Horror isn’t what I got; instead, with Dementia, I got a wild, post-Surrealist noir filtered through a peculiar kind of psychological terror by way of Beat hipsters, Be-bop and ruthlessly violent LAPD beat detectives whooping the shit out of anyone they spot. Utterly cracked and supremely modernist (it could be argued that the next most modern films to follow that were filmed in Los Angeles–Parker shot this, his only film, in 1955, the same year as the only film at the time that it could possibly be compared to, Kiss Me Deadly–were Cassavetes’ Shadows, much of which was shot in Los Angeles, and Kent MacKenzie’s The Exiles), Dementia may have admittedly awful voice-over narration (“Guilty! Guilty! Guilty!” the voice screams at a woman who appears trapped in a maze of her own dreams) and rather absurd acting, but it openly embraces and imaginatively synthesizes several influences and makes them into something that can be termed as authentically Underground ’50s.

Welles is all over the film, from magnificent deep-focus compositions and highly sinister expressionist imagery drenched in black shadows, and even actor Bruno VeSota (as a curiously predatory and paternal man of some means) is clearly doing an impersonation of Welles throughout. BuÒuel is also in abundance, maybe most vividly in a stunning image near the end where the heroine opens a bedroom chest drawer, and discovers a fist inside gripping a pendant. Los Angeles’ underground jazz scene is amply on display (don’t ask how the film shifts from a foot chase through downtown streets that reminded me of Kubrick’s Killer’s Kiss–also the same year–do we sense a pattern here?–to an extended sequence amidst West Coast Sound hipsters, but it does) and includes a highly elaborate and lengthy score by avant garde composer George Anteil. It adds up to a kind of ultimate film maudit, and, it goes without saying, must be shown at the American Cinematheque toute suite.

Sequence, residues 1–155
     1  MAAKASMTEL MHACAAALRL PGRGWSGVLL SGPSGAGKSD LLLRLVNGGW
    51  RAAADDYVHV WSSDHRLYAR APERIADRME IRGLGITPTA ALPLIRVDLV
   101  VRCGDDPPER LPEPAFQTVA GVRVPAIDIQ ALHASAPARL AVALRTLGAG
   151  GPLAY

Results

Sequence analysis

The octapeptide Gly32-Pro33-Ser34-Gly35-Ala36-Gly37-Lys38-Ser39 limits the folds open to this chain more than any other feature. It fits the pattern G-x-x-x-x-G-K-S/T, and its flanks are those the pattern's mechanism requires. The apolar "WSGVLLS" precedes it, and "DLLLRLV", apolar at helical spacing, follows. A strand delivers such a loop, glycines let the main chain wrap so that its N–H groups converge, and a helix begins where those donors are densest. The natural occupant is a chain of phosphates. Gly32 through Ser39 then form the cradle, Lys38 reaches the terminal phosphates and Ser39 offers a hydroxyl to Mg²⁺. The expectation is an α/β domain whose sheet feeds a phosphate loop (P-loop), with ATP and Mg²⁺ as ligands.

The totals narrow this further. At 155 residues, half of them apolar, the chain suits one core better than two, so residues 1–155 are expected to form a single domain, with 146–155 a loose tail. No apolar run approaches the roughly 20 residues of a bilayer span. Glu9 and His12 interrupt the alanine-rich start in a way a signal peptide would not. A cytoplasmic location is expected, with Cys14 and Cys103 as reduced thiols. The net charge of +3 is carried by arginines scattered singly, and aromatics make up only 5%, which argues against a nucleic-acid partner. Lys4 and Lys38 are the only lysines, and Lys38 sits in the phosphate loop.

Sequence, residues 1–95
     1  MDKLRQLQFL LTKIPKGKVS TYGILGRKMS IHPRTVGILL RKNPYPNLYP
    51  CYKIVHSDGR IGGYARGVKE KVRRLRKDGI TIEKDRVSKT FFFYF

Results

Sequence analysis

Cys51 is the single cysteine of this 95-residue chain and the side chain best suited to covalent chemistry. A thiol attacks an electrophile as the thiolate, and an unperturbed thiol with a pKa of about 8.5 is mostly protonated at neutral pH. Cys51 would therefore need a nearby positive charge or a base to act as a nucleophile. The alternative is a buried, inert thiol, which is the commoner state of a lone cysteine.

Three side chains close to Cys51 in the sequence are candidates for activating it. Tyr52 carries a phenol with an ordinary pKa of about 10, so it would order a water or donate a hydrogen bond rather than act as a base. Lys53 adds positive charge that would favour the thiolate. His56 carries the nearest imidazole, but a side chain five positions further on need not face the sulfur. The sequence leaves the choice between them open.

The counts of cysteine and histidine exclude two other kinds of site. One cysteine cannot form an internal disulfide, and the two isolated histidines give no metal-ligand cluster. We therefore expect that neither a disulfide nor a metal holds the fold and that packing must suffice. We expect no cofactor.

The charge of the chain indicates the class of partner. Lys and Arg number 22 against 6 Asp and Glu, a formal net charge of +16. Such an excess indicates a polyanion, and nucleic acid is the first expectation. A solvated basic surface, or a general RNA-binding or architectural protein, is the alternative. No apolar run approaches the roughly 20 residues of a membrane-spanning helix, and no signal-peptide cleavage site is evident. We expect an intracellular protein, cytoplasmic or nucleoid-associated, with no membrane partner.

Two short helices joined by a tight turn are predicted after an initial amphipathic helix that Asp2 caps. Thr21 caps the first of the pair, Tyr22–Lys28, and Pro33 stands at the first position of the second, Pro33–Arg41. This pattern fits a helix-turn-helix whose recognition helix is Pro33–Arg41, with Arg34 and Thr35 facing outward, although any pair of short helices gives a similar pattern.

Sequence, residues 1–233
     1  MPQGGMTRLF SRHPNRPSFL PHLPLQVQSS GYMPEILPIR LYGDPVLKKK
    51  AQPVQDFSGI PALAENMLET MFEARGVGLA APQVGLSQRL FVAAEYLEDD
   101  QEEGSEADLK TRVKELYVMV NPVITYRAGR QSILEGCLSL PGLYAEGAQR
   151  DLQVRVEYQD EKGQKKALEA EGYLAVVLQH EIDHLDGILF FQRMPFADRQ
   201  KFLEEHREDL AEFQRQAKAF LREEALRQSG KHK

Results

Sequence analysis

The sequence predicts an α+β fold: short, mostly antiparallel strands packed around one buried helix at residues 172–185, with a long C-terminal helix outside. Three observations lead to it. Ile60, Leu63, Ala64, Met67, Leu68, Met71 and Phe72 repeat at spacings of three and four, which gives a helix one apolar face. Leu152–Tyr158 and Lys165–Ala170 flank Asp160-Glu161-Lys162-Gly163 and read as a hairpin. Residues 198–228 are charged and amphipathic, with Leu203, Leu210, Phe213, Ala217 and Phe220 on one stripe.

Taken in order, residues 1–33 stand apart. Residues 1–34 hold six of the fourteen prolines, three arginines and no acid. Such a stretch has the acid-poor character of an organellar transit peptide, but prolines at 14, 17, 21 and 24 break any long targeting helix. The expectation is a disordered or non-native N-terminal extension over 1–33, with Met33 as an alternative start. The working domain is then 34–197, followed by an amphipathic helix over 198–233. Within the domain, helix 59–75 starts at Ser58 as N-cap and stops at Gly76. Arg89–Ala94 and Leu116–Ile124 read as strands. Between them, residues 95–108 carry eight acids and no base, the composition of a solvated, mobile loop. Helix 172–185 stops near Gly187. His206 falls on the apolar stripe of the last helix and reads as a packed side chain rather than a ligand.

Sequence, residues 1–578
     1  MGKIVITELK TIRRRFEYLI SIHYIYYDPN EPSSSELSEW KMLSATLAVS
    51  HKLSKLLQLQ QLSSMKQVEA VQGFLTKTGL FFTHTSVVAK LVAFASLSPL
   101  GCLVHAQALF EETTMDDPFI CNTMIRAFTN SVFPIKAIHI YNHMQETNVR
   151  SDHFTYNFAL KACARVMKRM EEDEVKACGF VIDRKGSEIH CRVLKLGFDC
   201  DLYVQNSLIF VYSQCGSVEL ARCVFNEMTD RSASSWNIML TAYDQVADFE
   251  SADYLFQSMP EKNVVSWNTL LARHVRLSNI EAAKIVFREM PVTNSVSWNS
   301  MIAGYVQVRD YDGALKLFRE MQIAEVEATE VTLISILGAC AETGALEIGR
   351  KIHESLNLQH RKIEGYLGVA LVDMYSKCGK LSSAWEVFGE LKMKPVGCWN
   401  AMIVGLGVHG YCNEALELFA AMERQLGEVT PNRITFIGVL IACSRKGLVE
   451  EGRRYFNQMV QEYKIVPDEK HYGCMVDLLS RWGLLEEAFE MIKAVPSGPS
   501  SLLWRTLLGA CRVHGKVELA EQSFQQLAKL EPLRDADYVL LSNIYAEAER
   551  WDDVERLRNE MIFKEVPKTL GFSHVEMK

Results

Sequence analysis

I also expected horror from the Tsukamoto, but instead of getting more than I possibly expected from Dementia, Nightmare Detective delivered something far less. I had hoped that it’s concept of an investigator who invades people’s bad, often violent dreams to unravel their issues might make it at least a close cousin to Satoshi Kon’s mind-blowing Paprika. I also hoped for a bit of the old Tsukamoto from Tetsuo days. I was wrong in so many ways (but firmly convinced that Tsukamoto is permanently off my list), and left wondering what festivals, forced to scramble to fill their midnight movies section (mind you, BAFICI is the rare festival that starts screenings at 1 a.m.), are then forced to settle for. Well, actually, the answer is easy: They’re forced to settle for hooey like Nightmare Detective.

(Day 5 entry.)